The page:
Users

The service is used by many commuters mainly from North Tyneside and South Tyneside. The service provides a viable alternative to travelling via Newcastle city centre on the Tyne and Wear Metro or the Tyne Tunnel. The Shields Ferry can be used by cyclists and is part of the National Cycle Network. All of the vessels in service with Nexus can carry wheelchairs.

Ticketing

Because Shields Ferry is operated by Nexus which also operate the Tyne and Wear Metro, ticketing is integrated with the Metro ticketing system. Metro passes and tickets are valid on the Ferry as well as Tyne and Wear Network Tickets and Day Rovers. New style Transfare tickets can be purchased allowing one-way travel on Shields Ferry and either a bus or Metro. Tickets are purchased when boarding the ferry.

Text from Wikipedia, available under the Creative Commons Attribution-ShareAlike License (accessed: 08/04/2016).
Visit the page: Shields Ferry for references and further details. You can contribute to this article on Wikipedia.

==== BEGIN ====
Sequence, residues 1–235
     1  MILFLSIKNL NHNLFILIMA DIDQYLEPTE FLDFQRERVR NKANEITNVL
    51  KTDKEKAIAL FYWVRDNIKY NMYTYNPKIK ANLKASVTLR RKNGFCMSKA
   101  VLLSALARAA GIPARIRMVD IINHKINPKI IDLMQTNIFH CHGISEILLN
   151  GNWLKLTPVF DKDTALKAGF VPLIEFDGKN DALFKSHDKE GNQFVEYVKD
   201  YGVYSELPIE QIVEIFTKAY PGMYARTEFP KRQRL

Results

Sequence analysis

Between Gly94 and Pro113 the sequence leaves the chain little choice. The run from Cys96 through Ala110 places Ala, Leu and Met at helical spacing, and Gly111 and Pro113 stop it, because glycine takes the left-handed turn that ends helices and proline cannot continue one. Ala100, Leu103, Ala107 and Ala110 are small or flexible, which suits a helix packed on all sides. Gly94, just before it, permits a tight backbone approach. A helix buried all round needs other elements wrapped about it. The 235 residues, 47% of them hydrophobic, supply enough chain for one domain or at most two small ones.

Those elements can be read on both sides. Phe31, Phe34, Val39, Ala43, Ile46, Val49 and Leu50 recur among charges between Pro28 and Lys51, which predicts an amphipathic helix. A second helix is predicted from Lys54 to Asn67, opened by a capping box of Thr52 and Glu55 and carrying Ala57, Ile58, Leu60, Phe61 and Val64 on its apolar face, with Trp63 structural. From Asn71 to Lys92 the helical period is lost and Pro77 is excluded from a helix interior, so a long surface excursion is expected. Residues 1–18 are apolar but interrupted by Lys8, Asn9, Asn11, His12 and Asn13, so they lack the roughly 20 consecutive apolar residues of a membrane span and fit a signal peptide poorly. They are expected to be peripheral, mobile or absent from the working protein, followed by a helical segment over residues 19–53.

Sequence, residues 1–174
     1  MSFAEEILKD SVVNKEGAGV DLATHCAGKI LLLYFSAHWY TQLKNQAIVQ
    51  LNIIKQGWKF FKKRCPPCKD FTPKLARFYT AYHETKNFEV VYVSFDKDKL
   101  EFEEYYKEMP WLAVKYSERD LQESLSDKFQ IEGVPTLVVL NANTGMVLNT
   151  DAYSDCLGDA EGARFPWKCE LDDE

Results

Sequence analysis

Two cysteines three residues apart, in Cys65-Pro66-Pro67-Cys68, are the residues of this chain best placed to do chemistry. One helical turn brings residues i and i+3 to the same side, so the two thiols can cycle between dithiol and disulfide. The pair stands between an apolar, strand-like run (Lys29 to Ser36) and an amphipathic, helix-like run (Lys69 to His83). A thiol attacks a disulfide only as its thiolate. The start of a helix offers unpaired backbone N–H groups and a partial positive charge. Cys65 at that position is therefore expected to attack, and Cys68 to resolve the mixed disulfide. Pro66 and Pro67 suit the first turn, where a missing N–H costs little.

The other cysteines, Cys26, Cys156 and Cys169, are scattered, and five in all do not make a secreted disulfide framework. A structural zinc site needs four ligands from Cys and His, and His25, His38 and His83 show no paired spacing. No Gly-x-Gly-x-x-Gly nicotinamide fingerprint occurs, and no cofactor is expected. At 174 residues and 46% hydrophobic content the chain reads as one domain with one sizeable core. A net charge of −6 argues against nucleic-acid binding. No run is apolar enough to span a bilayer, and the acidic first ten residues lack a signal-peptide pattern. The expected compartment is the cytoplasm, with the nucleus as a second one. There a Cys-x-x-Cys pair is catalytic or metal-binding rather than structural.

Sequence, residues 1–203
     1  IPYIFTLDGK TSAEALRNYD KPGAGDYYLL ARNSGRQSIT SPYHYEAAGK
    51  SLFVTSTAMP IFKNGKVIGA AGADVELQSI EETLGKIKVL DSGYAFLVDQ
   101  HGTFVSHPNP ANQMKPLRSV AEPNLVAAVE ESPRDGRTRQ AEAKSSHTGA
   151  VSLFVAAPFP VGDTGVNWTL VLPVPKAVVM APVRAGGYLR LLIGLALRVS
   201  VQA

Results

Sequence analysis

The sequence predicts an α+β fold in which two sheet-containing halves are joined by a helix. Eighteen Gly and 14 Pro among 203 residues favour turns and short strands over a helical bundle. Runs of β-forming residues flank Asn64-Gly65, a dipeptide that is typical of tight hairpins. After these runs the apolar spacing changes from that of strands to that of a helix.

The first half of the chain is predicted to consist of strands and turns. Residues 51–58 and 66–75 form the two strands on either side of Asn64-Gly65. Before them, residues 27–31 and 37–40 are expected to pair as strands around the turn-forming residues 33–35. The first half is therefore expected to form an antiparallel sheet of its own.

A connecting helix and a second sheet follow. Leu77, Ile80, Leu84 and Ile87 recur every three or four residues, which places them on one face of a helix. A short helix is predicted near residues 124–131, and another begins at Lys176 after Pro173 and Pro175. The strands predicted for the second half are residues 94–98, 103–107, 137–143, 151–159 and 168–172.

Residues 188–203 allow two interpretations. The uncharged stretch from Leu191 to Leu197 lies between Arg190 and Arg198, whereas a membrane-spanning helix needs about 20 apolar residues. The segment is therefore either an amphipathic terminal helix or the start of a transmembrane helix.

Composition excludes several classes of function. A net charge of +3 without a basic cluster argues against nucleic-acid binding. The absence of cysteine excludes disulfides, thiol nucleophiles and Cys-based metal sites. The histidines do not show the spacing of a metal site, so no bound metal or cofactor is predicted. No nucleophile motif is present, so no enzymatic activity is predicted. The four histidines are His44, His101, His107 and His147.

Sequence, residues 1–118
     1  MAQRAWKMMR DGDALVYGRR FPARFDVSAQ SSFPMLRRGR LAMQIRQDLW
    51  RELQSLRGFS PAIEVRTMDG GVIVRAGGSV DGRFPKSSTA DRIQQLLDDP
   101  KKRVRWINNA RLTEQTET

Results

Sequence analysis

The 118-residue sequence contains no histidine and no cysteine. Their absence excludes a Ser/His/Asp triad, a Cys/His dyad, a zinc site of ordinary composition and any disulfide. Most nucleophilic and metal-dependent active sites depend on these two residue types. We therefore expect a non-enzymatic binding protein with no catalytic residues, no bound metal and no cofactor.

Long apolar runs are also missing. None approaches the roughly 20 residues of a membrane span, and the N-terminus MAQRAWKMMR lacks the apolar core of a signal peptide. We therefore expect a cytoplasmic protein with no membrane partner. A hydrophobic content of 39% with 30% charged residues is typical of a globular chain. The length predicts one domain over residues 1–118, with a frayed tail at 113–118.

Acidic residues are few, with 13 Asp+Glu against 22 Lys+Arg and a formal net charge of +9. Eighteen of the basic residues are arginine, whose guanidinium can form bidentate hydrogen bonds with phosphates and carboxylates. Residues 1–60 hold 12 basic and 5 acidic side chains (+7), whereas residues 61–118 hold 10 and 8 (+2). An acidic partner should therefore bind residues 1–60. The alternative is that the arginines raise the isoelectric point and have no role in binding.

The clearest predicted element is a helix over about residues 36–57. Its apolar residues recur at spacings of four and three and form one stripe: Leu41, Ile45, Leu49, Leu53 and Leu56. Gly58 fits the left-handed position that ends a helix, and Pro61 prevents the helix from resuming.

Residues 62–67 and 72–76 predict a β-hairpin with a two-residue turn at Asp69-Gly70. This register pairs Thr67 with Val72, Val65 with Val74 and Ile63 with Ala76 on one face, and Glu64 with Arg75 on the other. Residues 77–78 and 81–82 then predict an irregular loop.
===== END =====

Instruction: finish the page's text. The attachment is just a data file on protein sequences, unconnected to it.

North Shields - Ferry Terminal

South Shields - Ferry Terminal

from Newcastle libraries (flickr)
034054:North Shields Ferry C.1890

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South Shields Ferry Landing

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025771:North Shields Penny Ferry C 1900

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The Ferry, South Shields
- "Posted from Pill to Portishead on 12th December 1911." Postcard from 'Pictures of Gateshead and the Surrounding Area' by Andy Williamson. The images may be used for non-commercial purposes, subject ...